Jury finds attorney negligence, legal malpractice, and breach of fiduciary duty on part of Houston firm sued by former client.
On Nov. 11, a jury in the 234th District Court found Houston-based firm Andrews Kurth was negligent when representing plaintiff Scott Martin. Andrews Kurth had advised Martin to sign a settlement agreement to end a business dispute, which led to millions in litigation expenses was later ruled to be unenforceable. Martin was awarded nearly $200 million in damages and attorney fees.
On Nov. 13, the plaintiffs submitted a proposed final judgment asking 234th District Judge Wesley Ward to order the plaintiffs to recover from Andrews Kurth $167 million in actual damages on the
attorney negligence finding, $29,120,515 in attorney fees, prejudgment interest, costs and postjudgment interest.
Martin and SKM Partnership Ltd., a partnership of Scott and his wife, Kim Martin, had alleged in the fourth amended petition that Andrews Kurth advised Martin to sign a settlement agreement. The agreement was intended to end a family business dispute, but instead that dispute ended in years of litigation and an appeals court opinion that the agreement was not enforceable, the plaintiffs alleged in Martin v. Andrews Kurth.
The plaintiffs set a hearing to enter judgment for Nov. 23, but Andrews Kurth filed a motion to continue the hearing until no earlier than Dec. 14.
“Plaintiffs want to rush to judgment. But the formation of a judgment in a case of this size and complexity should [be] done carefully and with ample time for the parties to brief issues,” Andrews Kurth alleges in the motion to continue hearing.
Defense attorney Murray Fogler said his client’s postverdict motions will provide the firm’s response to the verdict. Andrews Kurth will file a motion for judgment notwithstanding the verdict, said Fogler, a partner in Fogler, Brar, Ford, O’Neil & Gray of Houston.
Bob Jewell, managing partner of the firm, provided this written statement: “We are disappointed and respectfully disagree with the jury’s verdict. We will remain committed to the postverdict and appellate process and are confident that we will ultimately be vindicated.”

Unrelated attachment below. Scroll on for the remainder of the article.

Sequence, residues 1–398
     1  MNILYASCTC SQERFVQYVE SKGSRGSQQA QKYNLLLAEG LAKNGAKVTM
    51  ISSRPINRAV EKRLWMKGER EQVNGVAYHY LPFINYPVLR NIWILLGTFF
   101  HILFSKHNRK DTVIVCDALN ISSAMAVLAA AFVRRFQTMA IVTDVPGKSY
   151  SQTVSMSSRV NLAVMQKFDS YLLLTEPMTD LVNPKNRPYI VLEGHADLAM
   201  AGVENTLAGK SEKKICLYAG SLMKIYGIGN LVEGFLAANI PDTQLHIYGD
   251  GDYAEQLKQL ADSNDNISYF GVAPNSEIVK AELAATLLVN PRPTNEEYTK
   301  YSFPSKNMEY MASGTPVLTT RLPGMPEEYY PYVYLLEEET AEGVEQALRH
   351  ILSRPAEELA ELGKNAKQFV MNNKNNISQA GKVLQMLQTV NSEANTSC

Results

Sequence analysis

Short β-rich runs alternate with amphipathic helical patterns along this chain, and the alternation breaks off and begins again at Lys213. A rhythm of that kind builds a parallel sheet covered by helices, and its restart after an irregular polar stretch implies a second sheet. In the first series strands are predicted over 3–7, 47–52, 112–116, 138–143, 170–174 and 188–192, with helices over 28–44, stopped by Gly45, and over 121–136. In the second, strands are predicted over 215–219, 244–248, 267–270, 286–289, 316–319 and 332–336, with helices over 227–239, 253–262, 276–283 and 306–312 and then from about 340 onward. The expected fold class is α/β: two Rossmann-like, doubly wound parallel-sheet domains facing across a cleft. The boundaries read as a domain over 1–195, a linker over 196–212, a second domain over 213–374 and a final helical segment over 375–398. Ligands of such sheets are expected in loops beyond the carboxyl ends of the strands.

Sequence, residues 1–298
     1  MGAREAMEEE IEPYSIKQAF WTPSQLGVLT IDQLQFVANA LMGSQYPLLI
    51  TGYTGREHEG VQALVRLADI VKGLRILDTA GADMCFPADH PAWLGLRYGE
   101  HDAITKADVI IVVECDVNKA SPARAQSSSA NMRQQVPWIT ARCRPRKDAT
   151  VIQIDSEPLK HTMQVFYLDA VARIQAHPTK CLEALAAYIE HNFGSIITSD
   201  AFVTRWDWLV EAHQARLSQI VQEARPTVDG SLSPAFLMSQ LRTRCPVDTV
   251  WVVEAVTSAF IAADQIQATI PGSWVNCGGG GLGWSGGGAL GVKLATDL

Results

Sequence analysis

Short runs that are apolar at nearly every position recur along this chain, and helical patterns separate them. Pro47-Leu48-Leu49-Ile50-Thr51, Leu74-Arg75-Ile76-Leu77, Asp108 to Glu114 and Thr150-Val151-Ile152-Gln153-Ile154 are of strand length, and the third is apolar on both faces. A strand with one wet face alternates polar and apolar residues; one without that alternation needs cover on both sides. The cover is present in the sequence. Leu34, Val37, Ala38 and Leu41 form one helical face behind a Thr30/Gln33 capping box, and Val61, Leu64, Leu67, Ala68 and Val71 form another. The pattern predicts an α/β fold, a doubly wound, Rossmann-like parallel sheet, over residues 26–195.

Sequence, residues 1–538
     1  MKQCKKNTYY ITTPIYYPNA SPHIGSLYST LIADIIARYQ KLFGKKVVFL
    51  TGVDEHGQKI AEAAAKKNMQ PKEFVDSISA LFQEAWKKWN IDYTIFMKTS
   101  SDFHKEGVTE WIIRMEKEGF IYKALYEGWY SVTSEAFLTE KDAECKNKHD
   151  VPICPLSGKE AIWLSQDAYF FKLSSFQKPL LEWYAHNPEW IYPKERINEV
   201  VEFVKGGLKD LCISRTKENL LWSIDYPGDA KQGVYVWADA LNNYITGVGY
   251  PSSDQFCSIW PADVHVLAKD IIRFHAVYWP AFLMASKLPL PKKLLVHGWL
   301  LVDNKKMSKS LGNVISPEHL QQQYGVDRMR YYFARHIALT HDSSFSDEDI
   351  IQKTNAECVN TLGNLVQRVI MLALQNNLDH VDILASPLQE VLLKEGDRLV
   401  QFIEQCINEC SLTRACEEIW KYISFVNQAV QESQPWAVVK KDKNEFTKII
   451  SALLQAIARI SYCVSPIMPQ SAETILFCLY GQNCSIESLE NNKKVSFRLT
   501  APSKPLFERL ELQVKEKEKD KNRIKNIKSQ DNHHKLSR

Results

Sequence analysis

Plaintiffs attorney Philip Werner, a senior partner in Werner Ayers, did not immediately return a telephone message seeking a comment.
The jury found that Andrews Kurth was negligent, and that there was no relationship of trust and confidence between Martin and his brother, Ruben Martin. The jury found that Ruben Martin did not engage in oppressive conduct with respect to Martin Resource Management Corp. (MRMS), a family business, which caused injury to Scott Martin, and found that Ruben Martin did not commit fraud against Scott Martin. However, the jury found that Andrews Kurth was responsible for all of the injury to Scott Martin.
The jury also found that Andrews Kurth failed to comply with its fiduciary duty to Scott Martin, causing $1,672,563 in damages to him. It found that Scott Martin should have discovered the breaches of fiduciary duty on Andrews Kurth’s part by September 2013.
On the negligence finding, the jury found the loss in the value of Scott Martin’s ownership interest in MRMC was $167 million if calculated as of Oct. 2, 2012; $99 million if calculated as of Aug. 12, 2010; and $82 million if calculated as of June 18, 2008.
Because the verdict was not unanimous, the jury did not decide if the injury to Scott Martin resulted from malice.
In the fourth amended petition in Martin v. Andrews Kurth, Martin and SKM alleged that in January 2008 a business dispute between Martin and his brother, Ruben, had ‘deteriorated” to the point that litigation between them was “imminent.” At that time, the plaintiffs alleged, Andrews Kurth had been representing Scott Martin and SKM for several months in connection with disputes over the direction and management of MRMC, the Martin family business.
The plaintiffs alleged that Andrews Kurth advised Scott Martin to sign a settlement agreement, and he signed it on the presumption that it was an enforceable contract. However, the plaintiffs allege, a few months after drafting the settlement agreement, Andrews Kurth filed suit against Ruben Martin to enforce it, but that was a “doomed effort,” and the firm billed more than $3 million in fees and costs for that work.
“Although Scott won some damages at trial, the settlement agreement was ultimately held to be unenforceable on appeal,” the plaintiffs alleged, adding that terms in the settlement agreement inserted by the defendants were relied upon by the appellate court.
The plaintiffs alleged that seven other suits subsequently “engulfed” them, and the disputes and litigation did not conclude until October 2012, when Scott Martin and SKM agreed to sell their shares in MRMC back to the company.
The plaintiffs brought legal malpractice, breach of fiduciary duty, malicious and intentional conduct in breaching fiduciary duties and agency and respondeat superior causes of action against the defendant.
Originally posted by Brenda Sapino Jeffreys on TexasLawyer.com.
Attorney Negligence Representation – Ball & Bonholtzer Trial Attorney – Los Angeles